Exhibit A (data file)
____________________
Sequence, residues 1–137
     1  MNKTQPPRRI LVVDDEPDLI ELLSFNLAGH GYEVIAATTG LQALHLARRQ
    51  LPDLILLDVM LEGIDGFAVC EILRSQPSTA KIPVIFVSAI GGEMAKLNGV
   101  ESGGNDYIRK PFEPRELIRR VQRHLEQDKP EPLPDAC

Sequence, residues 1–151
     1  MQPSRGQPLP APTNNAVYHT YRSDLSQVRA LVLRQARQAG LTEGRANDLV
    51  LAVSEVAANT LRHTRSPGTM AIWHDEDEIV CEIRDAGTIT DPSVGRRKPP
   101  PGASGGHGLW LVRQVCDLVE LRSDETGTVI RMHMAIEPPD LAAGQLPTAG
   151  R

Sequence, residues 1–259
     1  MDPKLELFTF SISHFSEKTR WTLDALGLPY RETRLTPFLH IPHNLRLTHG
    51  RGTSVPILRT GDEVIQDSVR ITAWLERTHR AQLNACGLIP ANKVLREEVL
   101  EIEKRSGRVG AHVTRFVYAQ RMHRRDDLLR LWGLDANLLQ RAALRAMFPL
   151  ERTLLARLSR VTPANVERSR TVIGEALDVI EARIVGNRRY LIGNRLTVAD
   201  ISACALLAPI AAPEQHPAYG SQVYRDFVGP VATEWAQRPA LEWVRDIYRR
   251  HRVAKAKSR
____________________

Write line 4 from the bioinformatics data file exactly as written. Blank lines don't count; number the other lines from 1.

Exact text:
   101  ESGGNDYIRK PFEPRELIRR VQRHLEQDKP EPLPDAC